The retail sector employs around 3 million in the UK. It is one of the few areas of business and commerce that still has substantial numbers of high level managers who started out working on the shop floor.
But the rapid advance of technology, the arrival of Big Data, changing patterns of consumer decision making and the imminent General Data Protection Regulations are just some of the game changing developments of recent times.
Is it enough anymore to recruit on the basis of product and brand knowledge and extensive experience of retail operations? Does the sector need to look more “outside” itself to recruit executives for head offices and store management positions?
Millennials see the world very differently from preceding generations. This includes relaying on handheld technology (and increasingly wearable technology) for much of their decision making.
Modern retail executives need to think as they do. They need to be comfortable around technology – whatever department they head up. Retailers need to recruit increasing numbers of executives who have such skill sets as data analysis and data protection, whatever their industry background.
IT is no longer a separate function: it now informs, supports and even controls every aspect of business.
From goods arriving in store which have been tracked with pinpoint accuracy (their condition as well as their location) to detailed point of sale data collection, IT is part of every executive’s remit.
To stay competitive, every retailer in the UK needs to be looking at “the next big thing”. At present, that is remote retailing to enable customers to pre-order items before they arrive in physical stores. Eventually, it will involve customers walking into stores, taking things off shelves and leaving again with instant, digital billing. Sounds futuristic? It’s already here with Amazon Go, a pilot the retail giant is running in the US.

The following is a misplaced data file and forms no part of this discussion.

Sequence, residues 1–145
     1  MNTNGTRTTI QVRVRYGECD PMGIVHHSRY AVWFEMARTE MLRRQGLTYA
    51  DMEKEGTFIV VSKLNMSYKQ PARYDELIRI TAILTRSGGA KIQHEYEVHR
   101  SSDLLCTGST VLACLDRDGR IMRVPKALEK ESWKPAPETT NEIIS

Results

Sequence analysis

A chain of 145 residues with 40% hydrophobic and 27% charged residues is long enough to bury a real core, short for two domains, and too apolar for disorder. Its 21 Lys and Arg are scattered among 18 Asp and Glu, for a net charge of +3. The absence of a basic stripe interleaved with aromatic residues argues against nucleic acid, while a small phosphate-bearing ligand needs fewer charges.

Automation and streamlining processes are driving forces in retail. This means that executive teams need to recruit on the basis of adaptable, transferrable skills.
You can no longer truly specialise in one aspect of running a retail operation. To create agile and “lean” business functions you need flexible executives with a clear vision of how their responsibilities impact on all aspects of the business. Every single executive needs business acumen, whatever their job title.
Staff turnover has to be kept to a minimum, and customer service has to be the driving force, in such a competitive sector.
Retail Executive recruitment therefore needs managers who are not only capable and experienced, but also intuitive and emotionally intelligent.
They need to lead from a position of confidence and trust, but also with excellent communications skills and the ability to get the best out of their teams.
Recruit from within?
Clearly if these attributes are inherent in staff who have worked their way up from the shop floor, promoting them is an easy decision.
However, product knowledge, years of loyalty to the brand and time-served at the sharp end of the stick, may not count for as much as they once did. Modern retail businesses have a long list of personal and business attributes they need from managers. To some degree, how those skills were acquired comes second to a grasp of modern consumerism.